Vital signs: temperature >100°F (37.8°C); heart rate (HR) >100 beats/min; respiratory rate (RR) >20 breaths/min
At least two of the following clinical findings: decreased breath sounds, rales, no asthma
Early in disease course, CXR may be negative.
Evidence of necrotizing/cavitary pneumonia should raise suspicion for MRSA pneumonia, especially with history of prior MRSA skin lesions.
For VAP/HAP: By bronchoscopic or nonbronchoscopic means, obtain a lower respiratory tract sample for culture prior to initiation/change of therapy. Serial evaluations may be needed (2)[A].
Safe cessation of antibiotics can be done from a good quality negative sputum culture.
No significant differences in efficacy between antibiotic option in adults
Previously healthy, no antibiotics in past 3 months
Azithromycin 500 mg PO 1 time, then 250 mg PO daily for 4 days; clarithromycin 500 mg PO BID for 10 days; erythromycin 500 mg PO BID for 10 days, or
Doxycycline 100 mg PO BID for 10 days
Comorbid conditions, immunosuppressed, antibiotic use in past 3 months
Levofloxacin 750 mg PO daily for 5 days; moxifloxacin 400 mg PO daily for 5 days; or
Amoxicillin 1 g PO TID; amoxicillin-clavulanate 2 g PO BID + macrolide/doxycycline for 5 days
Treatment may be stopped if
Afebrile for >48 hours
Supplemental oxygen no longer needed
No more than one of the following:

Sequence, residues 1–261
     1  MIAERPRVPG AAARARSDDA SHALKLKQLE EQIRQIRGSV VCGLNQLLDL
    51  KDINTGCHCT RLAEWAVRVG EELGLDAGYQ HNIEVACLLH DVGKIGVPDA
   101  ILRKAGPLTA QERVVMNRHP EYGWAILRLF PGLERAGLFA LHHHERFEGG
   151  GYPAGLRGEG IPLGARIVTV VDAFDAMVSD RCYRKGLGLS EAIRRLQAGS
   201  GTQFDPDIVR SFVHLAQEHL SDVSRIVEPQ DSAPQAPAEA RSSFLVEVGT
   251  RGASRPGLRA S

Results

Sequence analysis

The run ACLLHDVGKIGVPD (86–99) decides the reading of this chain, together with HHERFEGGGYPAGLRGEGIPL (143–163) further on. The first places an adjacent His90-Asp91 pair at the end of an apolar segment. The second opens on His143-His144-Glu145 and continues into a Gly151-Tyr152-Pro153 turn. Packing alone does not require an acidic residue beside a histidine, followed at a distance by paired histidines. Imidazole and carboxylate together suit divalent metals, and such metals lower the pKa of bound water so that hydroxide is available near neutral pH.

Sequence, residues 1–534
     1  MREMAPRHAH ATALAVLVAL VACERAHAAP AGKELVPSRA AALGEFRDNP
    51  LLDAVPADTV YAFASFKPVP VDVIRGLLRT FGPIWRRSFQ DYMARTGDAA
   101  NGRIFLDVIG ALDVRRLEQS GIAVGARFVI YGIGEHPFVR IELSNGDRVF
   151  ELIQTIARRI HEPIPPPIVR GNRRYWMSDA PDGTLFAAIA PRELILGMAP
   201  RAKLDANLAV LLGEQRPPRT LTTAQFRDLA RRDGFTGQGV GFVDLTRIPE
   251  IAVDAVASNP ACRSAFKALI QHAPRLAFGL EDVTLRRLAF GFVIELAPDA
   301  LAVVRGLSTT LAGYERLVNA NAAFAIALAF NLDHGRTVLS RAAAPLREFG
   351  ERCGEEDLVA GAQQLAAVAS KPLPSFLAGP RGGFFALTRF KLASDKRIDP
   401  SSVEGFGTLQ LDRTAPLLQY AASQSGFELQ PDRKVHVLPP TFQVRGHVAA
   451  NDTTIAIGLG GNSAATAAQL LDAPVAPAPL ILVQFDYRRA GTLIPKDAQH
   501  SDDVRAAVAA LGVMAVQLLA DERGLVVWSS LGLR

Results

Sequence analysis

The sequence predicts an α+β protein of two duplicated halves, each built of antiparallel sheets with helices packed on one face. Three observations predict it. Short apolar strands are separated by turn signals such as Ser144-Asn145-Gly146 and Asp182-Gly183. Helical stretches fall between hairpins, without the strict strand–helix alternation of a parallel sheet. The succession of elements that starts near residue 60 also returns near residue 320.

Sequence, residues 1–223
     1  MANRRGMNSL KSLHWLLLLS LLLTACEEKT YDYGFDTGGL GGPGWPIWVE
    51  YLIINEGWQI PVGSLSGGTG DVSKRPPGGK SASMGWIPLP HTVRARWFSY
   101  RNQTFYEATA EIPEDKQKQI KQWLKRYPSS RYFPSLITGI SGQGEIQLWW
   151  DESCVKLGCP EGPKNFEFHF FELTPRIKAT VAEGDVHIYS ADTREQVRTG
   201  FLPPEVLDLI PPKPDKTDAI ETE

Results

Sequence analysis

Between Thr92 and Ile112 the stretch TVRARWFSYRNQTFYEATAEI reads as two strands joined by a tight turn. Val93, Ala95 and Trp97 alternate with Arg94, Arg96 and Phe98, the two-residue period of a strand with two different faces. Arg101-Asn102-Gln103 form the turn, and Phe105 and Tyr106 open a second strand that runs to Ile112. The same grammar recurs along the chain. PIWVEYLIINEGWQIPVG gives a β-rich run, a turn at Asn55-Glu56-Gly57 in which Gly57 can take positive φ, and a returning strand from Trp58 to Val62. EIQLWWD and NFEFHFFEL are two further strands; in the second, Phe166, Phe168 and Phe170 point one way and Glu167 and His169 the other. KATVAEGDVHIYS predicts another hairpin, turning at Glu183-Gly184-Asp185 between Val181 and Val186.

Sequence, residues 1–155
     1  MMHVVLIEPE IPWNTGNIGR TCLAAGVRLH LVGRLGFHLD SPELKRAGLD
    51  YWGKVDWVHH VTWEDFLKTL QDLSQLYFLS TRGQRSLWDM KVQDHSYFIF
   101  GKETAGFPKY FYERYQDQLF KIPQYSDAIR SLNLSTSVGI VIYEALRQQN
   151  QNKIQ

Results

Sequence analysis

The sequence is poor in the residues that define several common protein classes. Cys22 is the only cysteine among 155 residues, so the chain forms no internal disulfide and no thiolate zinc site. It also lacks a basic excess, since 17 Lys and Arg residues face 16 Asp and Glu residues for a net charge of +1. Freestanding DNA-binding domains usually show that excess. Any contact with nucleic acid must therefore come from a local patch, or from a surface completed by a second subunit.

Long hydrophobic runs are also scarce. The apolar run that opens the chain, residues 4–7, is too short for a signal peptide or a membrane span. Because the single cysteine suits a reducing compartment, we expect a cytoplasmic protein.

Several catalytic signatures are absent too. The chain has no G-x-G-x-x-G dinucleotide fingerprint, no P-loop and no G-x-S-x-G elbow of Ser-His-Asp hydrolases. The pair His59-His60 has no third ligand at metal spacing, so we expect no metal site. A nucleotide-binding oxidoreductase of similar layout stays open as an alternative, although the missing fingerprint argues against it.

HR >100 beats/min
RR >24 breaths/min
Systolic blood pressure (BP) ≤90 mm Hg
CAP, inpatient (non-ICU)
IV antibiotics initially, then switch to oral after clinical improvement
Treatment duration depends on clinical improvement.
Cefotaxime; ceftriaxone; ampicillin-sulbactam + macrolide (clarithromycin; erythromycin) for 5 to 14 days or
Moxifloxacin; levofloxacin for 5 to 14 days
If Pseudomonas is a consideration
Piperacillin-tazobactam; cefepime; imipenem; meropenem + levofloxacin or
Piperacillin-tazobactam; cefepime; imipenem; meropenem + aminoglycoside and azithromycin or
Piperacillin-tazobactam; cefepime; imipenem; meropenem + aminoglycoside + levofloxacin
If MRSA is a consideration
Add vancomycin or linezolid HCAP/HAP/VAP.
Use IV antibiotics.
Early onset (<5 days) and no risk factors for multidrug-resistant pathogens
Ceftriaxone; ampicillin-sulbactam; ertapenem or
Late onset (≥5 days) or risk factors for multidrug-resistant pathogens (antibiotic therapy in preceding 90 days; high frequency of antibiotic resistance in community/hospital; immunosuppressive disease/therapy; risk factors for HCAP)
MRSA coverage: linezolid or vancomycin + β-lactam cefepime; ceftazidime; imipenem; meropenem; piperacillin-tazobactam + either fluoroquinolone (levofloxacin) or aminoglycoside (amikacin; gentamicin; tobramycin) (level II)
Short-course versus prolonged-course antibiotic therapy for HAP in critically ill adults. For patients with VAP due to NF-GNB, a shorter antibiotic course may increase the risk of recurrence (4)[A].